Said Davis, who is also the police chief in Hazel Crest, Illinois, “For me, defunding the police is a call for reallocation of funding to what society believes it should be directed at.”
He pointed out that “defunding” has already happened for other government spending. In the late 1990s social service agencies that address homelessness, substance abuse, and mental illness were drastically cut.
“Quite often we’re dealing with things where, absolutely, there are people better equipped to deal with it than we are,” Davis said.
Gross agreed. “[Police] have handcuffs and guns and Tasers and batons, and then we send them out with those tools to engage with people who have undiagnosed mental health issues or are in the throes of addiction,” Gross said. “When we send the wrong people out with the wrong tools, people will get hurt and people will die.”
But Davis added, “I’m not Chicago; I’m Hazel Crest. When those [other programs] were defunded, the money that was saved wasn’t given to us.… I’ve got squad cars sitting outside that have almost 200,000 miles on them.”
Enyia agreed that one shouldn’t point fingers solely at police for existing problems.
“What that does is it absolves policy makers…of their responsibility in helping to create the circumstances that they’re now punting over to police to solve,” she said.
Whitesel, the CPS teacher, said, “My students are on all sides of this issue. I have students who want to be police officers or whose family are officers, and I have students who were friends with people shot by officers. This is really a raw issue.” But having attended the CDP summits several times, she added, “It feels like they’re doing a good job of listening to and respecting each other.… Even for those students who seem adamant in their positions.”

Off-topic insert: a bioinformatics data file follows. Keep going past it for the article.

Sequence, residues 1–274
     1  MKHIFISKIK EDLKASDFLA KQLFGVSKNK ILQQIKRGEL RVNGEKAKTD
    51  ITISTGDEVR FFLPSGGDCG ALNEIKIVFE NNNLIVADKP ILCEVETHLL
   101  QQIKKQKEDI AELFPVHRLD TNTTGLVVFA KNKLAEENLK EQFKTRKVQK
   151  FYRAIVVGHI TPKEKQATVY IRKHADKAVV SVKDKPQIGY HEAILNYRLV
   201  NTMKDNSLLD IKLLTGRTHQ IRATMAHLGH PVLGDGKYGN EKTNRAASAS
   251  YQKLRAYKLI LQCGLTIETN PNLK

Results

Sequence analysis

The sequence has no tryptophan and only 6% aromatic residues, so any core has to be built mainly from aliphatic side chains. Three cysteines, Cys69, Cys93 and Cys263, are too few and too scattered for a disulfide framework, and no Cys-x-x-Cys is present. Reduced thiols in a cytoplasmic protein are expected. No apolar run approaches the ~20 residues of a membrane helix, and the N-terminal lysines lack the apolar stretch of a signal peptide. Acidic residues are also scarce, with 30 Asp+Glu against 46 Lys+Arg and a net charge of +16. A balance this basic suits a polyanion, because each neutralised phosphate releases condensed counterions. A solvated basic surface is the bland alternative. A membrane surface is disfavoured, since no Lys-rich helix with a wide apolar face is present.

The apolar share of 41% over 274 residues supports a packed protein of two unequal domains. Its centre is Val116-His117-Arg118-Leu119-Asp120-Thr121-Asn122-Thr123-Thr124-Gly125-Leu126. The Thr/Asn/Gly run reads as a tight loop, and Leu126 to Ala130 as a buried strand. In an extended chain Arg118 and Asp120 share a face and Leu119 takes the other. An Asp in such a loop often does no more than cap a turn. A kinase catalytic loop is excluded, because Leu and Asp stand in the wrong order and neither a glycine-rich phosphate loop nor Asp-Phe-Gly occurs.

Students later debated solutions in groups, which college students and Chicago-Kent law students facilitated. After it was over, 64 students responded to a survey evaluating the event. When asked if they had a better understanding of what defunding the police meant, 84 percent of students replied with a four or five on a scale of one to five.
Other responses were also overwhelmingly positive, with 72 percent giving similar high scores when asked if they would “follow the issue more closely” and 84 percent scoring high when asked if they had a “better overall understanding of the issues involved.”
“One important lesson I learned from this summit is that problems in life cannot be solved similarly to a math equation (i.e., 1+1=2); there are a number of moving parts that need to be taken into account,” one student wrote in their evaluation.
Dee Runaas, the CDP’s project director, said, "Helping high school students see that kind of nuance is a big part of what we try to do. And we want them to be comfortable talking about tough issues with people they disagree with."
Chicago-Kent professor Carolyn Shapiro, who is also the CDP’s faculty director, added, "Those skills are more necessary than ever given the polarization in our country. And they are essential skills for a democracy."